I think supporting independent game publishers, and I include self-publishers too here, by buying their games gives you a warm feeling. In many cases, your money goes directly to one or two people who you know by name, whose photos you’ve seen many times, whose newsletters you’ve read, who you followed on Twitter and who you’ve started to trust. If their game was published with the help of a crowdfunding platform, you will have lived through the journey of the game from its first public outing to the final, finished product. Yet, independent doesn’t always mean small, and some publishers who seem to be large are actually only a handful of people. So if you like helping small publishers, because you want to know that your money goes to a couple of great people who deserve your support, you might have to think carefully.
(Photo by Vlad Tchompalov on Unsplash)
Now, don’t get me wrong. I’m not trying to make you suspicious of every self-publisher, or every indie project. In fact, it’s sort of the opposite. My aim is to try and make everyone realize that a lot of games out there are made by people like you and me. People who have a day job and who do this in the evening and at their weekends, people who are dedicated to doing everything they can to make a great game that you will enjoy and cherish.
These people may have set up a company, and a brand, but they’re still just one or two people. The only reason they set up a limited company, or equivalent in their country, is to protect their livelihoods from any liability the company might have, usually in financial terms, but also if someone decides to sue. So just because you buy a game from a company, doesn’t mean you’re buying from a business that employs dozens of people and has a six-figure turnover.
That means when you have a problem with a game or are disappointed with something from one of these small publishers, then be reasonable with your expectations as to what the company can do to help you. A lot of small publishers happily send out replacements, even though that can often be tough for them, despite having extra copies made to deal with these sort of issue, but don’t be surprised if they ask you for proof of the problem or if they are a bit more resistant than much bigger publishers, whose profit margins are much higher. A small publisher will do what they can, but there is only so much they can do.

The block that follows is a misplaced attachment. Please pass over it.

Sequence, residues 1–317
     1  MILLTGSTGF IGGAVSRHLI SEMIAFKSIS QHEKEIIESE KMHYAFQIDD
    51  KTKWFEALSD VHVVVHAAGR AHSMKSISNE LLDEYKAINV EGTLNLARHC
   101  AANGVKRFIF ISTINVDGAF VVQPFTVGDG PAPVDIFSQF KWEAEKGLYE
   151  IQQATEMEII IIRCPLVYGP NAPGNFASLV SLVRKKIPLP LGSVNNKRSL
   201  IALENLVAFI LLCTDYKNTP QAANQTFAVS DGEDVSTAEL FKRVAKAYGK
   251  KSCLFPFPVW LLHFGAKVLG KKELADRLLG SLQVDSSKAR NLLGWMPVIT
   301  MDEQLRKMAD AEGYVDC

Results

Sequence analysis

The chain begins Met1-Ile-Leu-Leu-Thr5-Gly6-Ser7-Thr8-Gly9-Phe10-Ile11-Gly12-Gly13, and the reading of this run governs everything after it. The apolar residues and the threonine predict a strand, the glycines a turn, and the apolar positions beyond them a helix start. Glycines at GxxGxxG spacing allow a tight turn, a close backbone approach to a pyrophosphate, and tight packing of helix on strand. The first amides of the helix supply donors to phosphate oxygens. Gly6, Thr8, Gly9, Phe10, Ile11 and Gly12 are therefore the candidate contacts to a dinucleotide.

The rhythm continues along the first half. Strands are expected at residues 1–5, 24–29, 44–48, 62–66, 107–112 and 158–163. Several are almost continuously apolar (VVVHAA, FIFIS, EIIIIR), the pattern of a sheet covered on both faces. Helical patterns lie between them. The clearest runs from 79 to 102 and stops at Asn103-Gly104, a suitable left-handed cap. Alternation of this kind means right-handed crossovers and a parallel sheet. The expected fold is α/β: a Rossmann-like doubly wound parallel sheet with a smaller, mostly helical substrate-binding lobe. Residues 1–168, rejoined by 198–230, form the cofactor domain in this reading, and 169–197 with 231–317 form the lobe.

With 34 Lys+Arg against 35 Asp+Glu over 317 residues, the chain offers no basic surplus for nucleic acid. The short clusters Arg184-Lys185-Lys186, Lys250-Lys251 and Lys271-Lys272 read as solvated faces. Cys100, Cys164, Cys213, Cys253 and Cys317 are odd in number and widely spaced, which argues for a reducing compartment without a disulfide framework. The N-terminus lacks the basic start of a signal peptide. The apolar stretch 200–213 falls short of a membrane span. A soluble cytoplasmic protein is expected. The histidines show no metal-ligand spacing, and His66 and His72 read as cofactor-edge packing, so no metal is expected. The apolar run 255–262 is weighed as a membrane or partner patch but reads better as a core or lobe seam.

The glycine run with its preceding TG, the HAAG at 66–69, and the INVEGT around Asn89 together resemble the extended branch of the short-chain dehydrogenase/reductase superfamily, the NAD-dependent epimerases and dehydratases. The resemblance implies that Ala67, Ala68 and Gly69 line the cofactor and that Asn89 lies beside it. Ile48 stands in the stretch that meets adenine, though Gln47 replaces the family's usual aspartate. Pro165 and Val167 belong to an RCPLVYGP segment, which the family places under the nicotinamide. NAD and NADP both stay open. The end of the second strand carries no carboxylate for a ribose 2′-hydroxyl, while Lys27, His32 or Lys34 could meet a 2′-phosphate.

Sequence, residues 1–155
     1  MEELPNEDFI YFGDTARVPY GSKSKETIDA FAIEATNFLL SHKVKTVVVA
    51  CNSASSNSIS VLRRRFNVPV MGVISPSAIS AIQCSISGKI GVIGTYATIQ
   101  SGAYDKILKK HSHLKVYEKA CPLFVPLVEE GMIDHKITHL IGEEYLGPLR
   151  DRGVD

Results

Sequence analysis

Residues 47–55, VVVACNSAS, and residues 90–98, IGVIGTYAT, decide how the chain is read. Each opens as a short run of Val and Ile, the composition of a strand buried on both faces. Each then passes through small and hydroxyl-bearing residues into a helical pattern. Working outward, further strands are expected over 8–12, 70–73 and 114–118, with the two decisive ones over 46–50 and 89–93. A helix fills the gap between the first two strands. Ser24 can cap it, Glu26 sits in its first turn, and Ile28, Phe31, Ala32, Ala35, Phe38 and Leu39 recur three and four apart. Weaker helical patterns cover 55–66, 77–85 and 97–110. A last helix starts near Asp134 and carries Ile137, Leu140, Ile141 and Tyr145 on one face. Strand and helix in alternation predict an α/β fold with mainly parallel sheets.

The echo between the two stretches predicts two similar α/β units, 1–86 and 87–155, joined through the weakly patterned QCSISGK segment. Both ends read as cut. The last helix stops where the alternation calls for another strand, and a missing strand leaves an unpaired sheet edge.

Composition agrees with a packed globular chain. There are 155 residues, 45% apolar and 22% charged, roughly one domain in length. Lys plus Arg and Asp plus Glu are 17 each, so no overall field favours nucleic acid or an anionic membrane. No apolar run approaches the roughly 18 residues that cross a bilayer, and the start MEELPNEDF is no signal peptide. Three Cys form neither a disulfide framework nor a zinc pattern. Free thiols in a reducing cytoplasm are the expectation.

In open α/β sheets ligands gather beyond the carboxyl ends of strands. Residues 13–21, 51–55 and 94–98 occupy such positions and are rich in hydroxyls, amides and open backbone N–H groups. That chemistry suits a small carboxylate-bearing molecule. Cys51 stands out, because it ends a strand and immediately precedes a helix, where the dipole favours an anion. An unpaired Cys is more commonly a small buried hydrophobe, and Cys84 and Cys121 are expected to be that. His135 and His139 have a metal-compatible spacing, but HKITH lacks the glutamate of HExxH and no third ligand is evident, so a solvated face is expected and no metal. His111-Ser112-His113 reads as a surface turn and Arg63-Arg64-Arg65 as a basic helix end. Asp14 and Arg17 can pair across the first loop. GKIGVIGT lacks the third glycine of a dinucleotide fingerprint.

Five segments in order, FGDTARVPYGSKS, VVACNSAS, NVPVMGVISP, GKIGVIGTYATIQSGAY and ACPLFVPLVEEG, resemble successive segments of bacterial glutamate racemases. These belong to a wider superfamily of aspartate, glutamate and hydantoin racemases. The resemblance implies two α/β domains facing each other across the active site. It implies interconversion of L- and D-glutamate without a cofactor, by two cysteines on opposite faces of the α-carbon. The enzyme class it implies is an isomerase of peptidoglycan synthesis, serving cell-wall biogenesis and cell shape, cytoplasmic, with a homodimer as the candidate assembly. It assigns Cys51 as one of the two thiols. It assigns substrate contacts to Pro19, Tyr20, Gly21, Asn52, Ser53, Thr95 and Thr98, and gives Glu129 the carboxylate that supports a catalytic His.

Of course, there have been Kickstarter campaigns that funded several times over, and it’s easy to think that a project that funded with one million pounds means that the creators have a million pounds between them. The reality is that most of that money will pay the project’s bills, such as game illustrations, design work, rulebook writing, translations, production, logistics and shipping. The profit will be relatively small and is often used to invest in the next game.
In fact, campaigns that did much better than the creators thought will need more people than expected, to fulfil the demand created by the much larger than expected number of backers. Suddenly, a project that was meant to consist of sending out a hundred or so copies of a game, turns into one where a thousand copies need to be sent out. There is no longer any way for a single person to deal with that, but even then we’re not necessarily talking about staff growing into the dozens.
On the flip side, there are large publishers who do indeed employ dozens of people and that have a huge annual turnover. Three spring to my mind: Asmodee GmbH, CMON Inc and Games Workshop Group PLC. Two of these are share issuing companies, and all three publish annual reports of their business activities. These reports show a lot of financial information that will give you a good idea as to how big the business is. There are more companies like this in the tabletop games industry of course, and you will probably be able to name a few of them. These are indeed giants and I would find it hard to call them independent.
Then there are many publishers who sit in between. Some of them want to call themselves independent, mainly because they’ve not yet been bought by Asmodee, but personally I’d say they’re not independent. To me, independent does indeed mean a group of a handful of people, but of course, there is no clear line you can draw. So you will have to make up your own mind about what you want to call independent.
You will also have to decide whether you want to support independent publishers specifically, or if you have other criteria. However, when you do think about independent publishers, bear in mind that well-established names with a large turnover can still be small outlets with people who work independently and with their own goals and ideals.
So please let me know what you think independent means in the tabletop games world. Do you try and support independent publishers, or is it more about buying the best game for you? Do you worry that large corporations are buying up smaller publishers? What do you think independent publishers can achieve that larger companies can’t? Please leave your thoughts and ideas in the comments below.